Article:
Painless Way To Stop Smoking
Painless Way To Stop Smoking
During my more than twenty years as a practicing psychiatrist and neurologist, I have used hypnosis almost daily, therapeutically as well as for diagnosis.
Aware of its limitations as well as its advantages, I have therefore been on guard against—and I have vigorously worked against—those who misrepresent hypnosis, or utilize it for entertainment, or becloud it with illusion and false hope.
I was pleased, then, when Channel Press asked my opinion of this book before they determined to publish it. My recommendation to them, as you see, was to issue it.
Indeed, I was so impressed by Mr. Heise's approach, understanding, and excellent and ethical presentation that I offered to add a few introductory words written from the point of view of a physician specializing in psychiatry.
As you read into the book, you will realize that the author is teaching you to use some of the techniques of hypnosis and self-hypnosis to change deep-rooted habit patterns. He will tell you that this method is painless.
He will tell you that it is safe. Some readers will wonder whether this is true, and may hesitate to apply the author's suggestions.
And so I would like to add this word of reassurance. There is no danger in self-hypnosis. The techniques you will learn in the pages that follow are safe and they are sound. I will return to this matter, because I want to discuss certain unethical uses of hypnosis; but so far as the material you will read in this book is concerned, be at ease.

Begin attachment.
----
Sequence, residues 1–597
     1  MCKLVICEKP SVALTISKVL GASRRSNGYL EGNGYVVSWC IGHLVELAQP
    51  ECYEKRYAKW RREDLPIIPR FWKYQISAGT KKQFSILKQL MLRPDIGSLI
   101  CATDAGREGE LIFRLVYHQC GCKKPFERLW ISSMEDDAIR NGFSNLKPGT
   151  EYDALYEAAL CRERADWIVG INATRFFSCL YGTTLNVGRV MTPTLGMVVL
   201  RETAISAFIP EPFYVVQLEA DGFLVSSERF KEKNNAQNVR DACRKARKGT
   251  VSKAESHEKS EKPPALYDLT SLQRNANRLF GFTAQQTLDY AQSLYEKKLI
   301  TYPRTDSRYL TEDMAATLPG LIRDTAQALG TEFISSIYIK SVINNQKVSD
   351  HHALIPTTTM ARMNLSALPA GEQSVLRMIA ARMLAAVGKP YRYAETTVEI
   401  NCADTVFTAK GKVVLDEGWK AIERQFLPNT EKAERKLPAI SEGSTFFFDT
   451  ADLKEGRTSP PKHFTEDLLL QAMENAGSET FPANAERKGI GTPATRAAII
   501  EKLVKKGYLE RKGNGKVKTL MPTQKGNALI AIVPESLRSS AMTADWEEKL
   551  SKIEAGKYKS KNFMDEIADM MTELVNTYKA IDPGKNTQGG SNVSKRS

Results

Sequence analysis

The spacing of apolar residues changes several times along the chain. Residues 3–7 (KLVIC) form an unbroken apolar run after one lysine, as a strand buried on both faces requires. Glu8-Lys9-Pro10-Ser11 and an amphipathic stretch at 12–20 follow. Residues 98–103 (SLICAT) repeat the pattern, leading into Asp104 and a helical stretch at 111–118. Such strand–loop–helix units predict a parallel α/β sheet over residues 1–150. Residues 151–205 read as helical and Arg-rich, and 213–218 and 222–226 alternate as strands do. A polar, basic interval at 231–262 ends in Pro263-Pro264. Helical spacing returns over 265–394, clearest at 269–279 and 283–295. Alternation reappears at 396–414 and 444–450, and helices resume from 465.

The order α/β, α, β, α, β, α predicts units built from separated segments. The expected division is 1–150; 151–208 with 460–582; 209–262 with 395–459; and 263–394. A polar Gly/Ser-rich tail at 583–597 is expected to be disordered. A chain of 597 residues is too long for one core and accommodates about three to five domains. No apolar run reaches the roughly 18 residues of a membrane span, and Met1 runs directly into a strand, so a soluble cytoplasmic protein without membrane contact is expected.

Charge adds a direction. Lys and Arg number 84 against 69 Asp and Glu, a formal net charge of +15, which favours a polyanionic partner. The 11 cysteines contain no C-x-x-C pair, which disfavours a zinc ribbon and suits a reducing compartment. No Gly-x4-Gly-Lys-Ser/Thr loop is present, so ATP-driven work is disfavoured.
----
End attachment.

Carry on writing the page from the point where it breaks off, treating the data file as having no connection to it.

The method is standard and orthodox; it offers an excellent way for you to achieve your goal.
Physicians are often asked whether it is harmful to smoke three cigarettes a day, or five, or fourteen, or a pack; people seem to seek a standard measurement. If they exceed it, that would be bad; if they smoked fewer than the standard, that would be all right.
But no such figure can be set. For several of my patients, one cigarette a week would be too many cigarettes.
A better way to respond to questions about cigarette smoking, then, is to speak not of quantities but of habit patterns. You are smoking to excess if you do any one (or more) of the following: